Streptococcus pneumoniae, or pneumococcus, is a Gram-positive bacterium. S. pneumoniae resides asymptomatically in healthy carriers typically colonizing the respiratory tract, sinuses, and nasal cavity. However, in susceptible individuals with weaker immune systems, such as the elderly and young children, the bacterium may become pathogenic and spread to other locations to cause disease.
S. pneumoniae is the main cause of community acquired pneumonia and meningitis in children and the elderly, and of sepsis in those infected with HIV. The organism also causes many types of pneumococcal infections other than pneumonia. These invasive pneumococcal diseases include bronchitis, rhinitis, acute sinusitis, otitis media, conjunctivitis, meningitis, sepsis, osteomyelitis, septic arthritis, endocarditis, peritonitis, pericarditis, cellulitis, and brain abscess.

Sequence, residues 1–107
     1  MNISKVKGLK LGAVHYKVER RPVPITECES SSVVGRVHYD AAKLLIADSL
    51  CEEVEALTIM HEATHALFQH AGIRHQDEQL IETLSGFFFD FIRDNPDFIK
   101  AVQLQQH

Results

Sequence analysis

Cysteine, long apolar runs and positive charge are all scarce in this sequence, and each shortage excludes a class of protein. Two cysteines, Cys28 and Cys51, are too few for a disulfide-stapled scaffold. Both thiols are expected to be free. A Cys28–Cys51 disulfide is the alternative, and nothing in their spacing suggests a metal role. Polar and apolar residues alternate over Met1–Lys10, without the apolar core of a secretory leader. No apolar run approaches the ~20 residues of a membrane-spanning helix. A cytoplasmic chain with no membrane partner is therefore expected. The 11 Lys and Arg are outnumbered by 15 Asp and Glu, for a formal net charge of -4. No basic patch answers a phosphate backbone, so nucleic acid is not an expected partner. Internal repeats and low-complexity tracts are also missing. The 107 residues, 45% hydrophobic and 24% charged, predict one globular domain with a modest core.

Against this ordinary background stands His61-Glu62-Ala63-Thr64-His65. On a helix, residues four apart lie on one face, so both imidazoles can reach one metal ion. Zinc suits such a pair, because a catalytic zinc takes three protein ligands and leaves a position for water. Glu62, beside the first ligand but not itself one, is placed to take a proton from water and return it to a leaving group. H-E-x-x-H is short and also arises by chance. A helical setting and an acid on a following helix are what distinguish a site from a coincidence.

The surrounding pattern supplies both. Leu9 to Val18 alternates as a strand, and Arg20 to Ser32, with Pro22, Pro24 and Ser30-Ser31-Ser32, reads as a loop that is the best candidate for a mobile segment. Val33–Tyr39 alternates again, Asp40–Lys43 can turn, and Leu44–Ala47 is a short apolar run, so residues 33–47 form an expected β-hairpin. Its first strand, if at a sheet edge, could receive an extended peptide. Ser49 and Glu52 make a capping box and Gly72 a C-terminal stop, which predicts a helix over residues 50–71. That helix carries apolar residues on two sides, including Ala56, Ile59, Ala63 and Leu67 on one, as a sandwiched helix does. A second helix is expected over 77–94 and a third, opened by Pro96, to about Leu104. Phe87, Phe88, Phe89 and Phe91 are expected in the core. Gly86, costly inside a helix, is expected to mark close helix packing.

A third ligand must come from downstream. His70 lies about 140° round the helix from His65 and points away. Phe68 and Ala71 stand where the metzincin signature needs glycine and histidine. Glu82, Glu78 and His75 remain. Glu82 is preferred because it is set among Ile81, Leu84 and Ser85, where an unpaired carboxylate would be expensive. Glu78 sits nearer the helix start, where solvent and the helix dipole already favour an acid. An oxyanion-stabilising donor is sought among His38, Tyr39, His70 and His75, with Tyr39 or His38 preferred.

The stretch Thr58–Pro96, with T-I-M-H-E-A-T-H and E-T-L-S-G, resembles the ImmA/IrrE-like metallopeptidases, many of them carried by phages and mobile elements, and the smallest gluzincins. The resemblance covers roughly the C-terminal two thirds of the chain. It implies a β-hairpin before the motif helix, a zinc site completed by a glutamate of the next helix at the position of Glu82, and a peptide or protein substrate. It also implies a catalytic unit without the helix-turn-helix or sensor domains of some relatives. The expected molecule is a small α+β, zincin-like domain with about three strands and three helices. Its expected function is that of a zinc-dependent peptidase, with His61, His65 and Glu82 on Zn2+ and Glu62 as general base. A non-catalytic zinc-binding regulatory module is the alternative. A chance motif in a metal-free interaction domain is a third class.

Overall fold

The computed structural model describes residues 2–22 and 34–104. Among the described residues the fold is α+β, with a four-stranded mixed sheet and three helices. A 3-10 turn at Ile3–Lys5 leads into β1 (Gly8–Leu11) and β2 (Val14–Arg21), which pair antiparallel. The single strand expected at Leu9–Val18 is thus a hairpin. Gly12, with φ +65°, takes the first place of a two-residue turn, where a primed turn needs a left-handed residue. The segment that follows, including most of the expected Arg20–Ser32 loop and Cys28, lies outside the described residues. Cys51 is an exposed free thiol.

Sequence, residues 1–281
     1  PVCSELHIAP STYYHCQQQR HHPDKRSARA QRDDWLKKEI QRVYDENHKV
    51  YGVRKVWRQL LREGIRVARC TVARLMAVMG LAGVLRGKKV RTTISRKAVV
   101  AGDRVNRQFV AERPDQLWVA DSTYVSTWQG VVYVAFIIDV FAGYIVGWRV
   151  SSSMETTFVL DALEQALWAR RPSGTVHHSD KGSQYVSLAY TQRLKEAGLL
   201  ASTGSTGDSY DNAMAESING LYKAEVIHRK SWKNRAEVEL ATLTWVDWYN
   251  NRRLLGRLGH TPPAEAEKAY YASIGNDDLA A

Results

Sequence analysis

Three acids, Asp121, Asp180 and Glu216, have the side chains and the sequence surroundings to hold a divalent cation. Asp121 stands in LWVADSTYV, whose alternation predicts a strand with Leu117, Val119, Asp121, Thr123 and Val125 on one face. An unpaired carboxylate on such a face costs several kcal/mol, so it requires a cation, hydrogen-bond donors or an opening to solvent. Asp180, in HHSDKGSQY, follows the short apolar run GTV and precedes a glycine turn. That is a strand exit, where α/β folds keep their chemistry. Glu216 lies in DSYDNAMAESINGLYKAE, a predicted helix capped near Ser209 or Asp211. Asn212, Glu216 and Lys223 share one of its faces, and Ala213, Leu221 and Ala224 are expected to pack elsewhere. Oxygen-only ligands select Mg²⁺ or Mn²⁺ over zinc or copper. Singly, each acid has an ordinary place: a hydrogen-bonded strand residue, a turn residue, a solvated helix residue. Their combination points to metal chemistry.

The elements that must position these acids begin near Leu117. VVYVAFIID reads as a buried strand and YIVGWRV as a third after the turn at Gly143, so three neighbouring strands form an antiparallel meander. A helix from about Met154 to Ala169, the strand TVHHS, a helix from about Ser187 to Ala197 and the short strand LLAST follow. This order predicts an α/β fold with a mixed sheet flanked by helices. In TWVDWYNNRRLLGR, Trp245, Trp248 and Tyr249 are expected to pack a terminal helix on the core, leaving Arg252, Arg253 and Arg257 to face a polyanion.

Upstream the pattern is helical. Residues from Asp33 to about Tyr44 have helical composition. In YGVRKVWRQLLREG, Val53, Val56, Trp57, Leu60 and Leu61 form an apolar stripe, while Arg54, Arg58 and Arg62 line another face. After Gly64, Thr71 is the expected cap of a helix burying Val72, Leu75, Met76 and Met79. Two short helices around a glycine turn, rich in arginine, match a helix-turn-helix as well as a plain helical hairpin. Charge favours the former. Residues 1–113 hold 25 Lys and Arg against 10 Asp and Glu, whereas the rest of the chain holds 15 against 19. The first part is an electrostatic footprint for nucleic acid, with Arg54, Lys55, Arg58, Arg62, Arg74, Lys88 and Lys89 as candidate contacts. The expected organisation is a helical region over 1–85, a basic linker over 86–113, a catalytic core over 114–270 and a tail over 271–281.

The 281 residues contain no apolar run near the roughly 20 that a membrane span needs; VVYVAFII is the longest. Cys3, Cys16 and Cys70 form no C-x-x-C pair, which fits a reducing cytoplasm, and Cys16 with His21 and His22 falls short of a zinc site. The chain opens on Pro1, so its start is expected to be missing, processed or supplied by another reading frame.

Pneumonia is the most common of the S. pneumoniae diseases which include symptoms such as fever and chills, cough, rapid breathing, difficulty breathing, and chest pain. For the elderly, they may include confusion, low alertness, and the former listed symptoms to a lesser degree.
Pneumococcal meningitis is an infection of the tissue covering the brain and spinal cord. Symptoms include stiff neck, fever, headache, confusion, and photophobia.
Sepsis is caused by overwhelming response to an infection and leads to tissue damage, organ failure, and even death. The symptoms include confusion, shortness of breath, elevated heart rate, pain or discomfort, over-perspiration, fever, shivering, or feeling cold.